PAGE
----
Dowel joinery follows the same basic principle as biscuit joinery.  Holes are drilled into each piece of wood to be joined; glue is applied to the holes; dowels are inserted into the holes on one piece, and then the exposed portion of the dowels are inserted into the holes of the other material.

The use of dowels is not as easy as using biscuits.  The holes have to be drilled with great care and precision, both in location and in depth. Jigs may be purchased for this purpose, for the necessary accuracy.

The dowels must be of the same length precisely so that the joining is complete and without gaps.  The dowel gauge should be about ⅓ of the thickness of the pieces being joined, but never more than ½ of that thickness.

Some tests suggest a dowel joint will provide stronger joinery than biscuits.  Tests also indicate that dowel joints are not as strong as tenon joints or dovetail joints. 

They do make solid and accurate joints, though.  A dowel joint will be a better method than nails or screws and are much less susceptible to breakage.  A dowel joint is certainly preferable to a simple glue joint, as well, far less likely to snap apart.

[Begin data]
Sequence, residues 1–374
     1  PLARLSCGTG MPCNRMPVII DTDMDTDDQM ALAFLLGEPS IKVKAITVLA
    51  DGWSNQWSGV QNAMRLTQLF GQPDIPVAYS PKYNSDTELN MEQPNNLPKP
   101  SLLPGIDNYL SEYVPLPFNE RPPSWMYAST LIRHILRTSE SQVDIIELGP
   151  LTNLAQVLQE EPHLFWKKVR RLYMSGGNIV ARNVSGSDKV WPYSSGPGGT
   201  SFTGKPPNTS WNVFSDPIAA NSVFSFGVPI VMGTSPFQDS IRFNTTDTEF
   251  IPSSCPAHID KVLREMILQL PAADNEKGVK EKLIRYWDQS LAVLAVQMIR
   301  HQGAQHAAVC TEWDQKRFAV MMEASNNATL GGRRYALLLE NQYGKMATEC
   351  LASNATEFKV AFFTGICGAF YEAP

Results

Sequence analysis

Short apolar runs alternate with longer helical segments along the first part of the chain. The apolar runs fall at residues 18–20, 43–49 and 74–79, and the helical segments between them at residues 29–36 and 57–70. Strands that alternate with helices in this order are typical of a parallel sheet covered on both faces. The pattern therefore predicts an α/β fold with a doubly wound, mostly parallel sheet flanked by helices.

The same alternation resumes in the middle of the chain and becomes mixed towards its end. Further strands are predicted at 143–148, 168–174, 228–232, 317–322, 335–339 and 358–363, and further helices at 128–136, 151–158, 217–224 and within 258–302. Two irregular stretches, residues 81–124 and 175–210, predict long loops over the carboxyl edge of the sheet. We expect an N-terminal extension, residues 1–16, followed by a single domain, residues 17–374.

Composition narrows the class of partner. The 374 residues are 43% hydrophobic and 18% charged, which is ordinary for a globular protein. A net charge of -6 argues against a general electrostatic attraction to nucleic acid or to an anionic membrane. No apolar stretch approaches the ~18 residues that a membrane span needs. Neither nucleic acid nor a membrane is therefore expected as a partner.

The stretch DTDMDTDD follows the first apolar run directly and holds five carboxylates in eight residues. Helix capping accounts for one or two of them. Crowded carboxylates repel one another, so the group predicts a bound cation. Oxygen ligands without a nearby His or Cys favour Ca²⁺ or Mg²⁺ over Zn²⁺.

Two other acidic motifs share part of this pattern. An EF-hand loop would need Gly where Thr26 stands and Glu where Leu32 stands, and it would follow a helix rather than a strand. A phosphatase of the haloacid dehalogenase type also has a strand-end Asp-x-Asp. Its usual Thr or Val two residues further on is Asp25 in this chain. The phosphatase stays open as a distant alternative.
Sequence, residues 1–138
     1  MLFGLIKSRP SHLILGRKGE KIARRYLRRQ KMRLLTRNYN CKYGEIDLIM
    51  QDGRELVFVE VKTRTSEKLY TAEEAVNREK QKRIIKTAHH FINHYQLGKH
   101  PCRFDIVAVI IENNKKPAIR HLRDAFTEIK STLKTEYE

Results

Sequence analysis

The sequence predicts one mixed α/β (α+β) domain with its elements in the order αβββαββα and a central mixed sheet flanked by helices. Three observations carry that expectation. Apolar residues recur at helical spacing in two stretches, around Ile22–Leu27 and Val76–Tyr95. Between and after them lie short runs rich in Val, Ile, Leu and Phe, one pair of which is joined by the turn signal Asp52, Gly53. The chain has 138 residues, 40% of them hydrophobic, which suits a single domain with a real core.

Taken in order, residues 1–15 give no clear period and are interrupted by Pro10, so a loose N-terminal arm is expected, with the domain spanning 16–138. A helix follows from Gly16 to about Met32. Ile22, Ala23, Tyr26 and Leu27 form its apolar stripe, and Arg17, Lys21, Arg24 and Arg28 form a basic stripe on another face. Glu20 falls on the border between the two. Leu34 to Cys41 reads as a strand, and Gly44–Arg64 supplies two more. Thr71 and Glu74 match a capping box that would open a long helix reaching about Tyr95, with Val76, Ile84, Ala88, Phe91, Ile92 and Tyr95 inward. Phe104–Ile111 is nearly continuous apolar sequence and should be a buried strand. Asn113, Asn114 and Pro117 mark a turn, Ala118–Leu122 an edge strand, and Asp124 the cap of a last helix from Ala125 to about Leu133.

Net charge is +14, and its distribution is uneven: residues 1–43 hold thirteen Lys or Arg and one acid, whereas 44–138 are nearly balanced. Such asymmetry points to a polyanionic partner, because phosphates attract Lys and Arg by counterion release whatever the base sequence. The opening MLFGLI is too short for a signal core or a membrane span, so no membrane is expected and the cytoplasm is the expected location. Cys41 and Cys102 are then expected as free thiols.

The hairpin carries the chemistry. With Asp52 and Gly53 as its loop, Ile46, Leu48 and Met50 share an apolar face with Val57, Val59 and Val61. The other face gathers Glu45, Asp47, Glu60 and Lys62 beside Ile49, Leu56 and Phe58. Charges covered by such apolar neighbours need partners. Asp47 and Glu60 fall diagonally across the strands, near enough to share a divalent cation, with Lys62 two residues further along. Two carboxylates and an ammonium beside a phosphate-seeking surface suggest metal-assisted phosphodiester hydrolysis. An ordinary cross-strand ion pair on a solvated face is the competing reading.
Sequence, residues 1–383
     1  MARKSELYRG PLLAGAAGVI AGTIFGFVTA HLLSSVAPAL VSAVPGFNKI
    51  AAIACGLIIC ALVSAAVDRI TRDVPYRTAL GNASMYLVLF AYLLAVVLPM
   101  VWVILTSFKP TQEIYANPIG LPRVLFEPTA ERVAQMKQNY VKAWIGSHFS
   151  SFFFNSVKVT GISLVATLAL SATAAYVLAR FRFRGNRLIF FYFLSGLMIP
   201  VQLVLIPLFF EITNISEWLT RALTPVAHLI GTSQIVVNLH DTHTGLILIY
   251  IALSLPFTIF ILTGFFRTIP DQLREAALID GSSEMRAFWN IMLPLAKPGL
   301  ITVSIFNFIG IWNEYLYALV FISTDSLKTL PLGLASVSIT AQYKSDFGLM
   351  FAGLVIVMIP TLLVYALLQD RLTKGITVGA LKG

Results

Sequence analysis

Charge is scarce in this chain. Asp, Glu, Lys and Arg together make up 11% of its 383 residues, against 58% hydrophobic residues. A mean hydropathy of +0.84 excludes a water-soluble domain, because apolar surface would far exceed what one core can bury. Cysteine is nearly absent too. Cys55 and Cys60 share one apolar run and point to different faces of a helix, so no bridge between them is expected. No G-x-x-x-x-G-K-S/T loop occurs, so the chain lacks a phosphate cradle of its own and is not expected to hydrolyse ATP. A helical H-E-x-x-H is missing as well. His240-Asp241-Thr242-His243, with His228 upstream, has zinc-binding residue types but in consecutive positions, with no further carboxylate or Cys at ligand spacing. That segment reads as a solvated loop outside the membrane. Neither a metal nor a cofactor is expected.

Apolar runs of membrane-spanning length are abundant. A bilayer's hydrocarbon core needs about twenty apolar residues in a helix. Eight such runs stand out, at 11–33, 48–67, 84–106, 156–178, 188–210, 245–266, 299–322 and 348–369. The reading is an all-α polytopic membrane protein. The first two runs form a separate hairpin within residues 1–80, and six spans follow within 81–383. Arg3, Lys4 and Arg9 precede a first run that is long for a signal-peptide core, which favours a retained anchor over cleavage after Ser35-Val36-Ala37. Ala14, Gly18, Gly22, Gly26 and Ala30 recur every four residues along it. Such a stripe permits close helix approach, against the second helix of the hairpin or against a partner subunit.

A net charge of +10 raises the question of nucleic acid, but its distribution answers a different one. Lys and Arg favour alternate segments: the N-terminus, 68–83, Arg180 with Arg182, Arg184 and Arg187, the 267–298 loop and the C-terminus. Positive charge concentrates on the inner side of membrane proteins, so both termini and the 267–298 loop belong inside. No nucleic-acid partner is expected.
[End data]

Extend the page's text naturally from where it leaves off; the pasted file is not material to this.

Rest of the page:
Which Joinery Method To Choose?

As you can see, there are many joinery choices, each with their advantages.  The answer depends in great part on several factors:

  1. What are you joining?  What is the project?  Does the joinery require great strength?  Does it need some aesthetic quality, a pleasing appearance, or will it be hidden?
  2. What tools and equipment do you have or need for each of the choices?

The avid woodworker who works on a variety of projects will likely be well-equipped with power tools, jigs, and talent.  The beginner, perhaps not so much.

The nature of the project often determines the joinery need, too.  Joining pieces of wood for a table top would be served well by either biscuits, dominos, or dowels and require the appropriate jigs for the slots or holes to accommodate either.

But, the well-equipped woodworker might choose, instead, pocket screw joinery for its additional strength and easy installation.

The old saying “The right tool for the right job” is apt when it comes to joinery as well: “The right method for the right job” certainly applies equally.  Choose the best joinery option for your project, and make a joint that will hold well over time.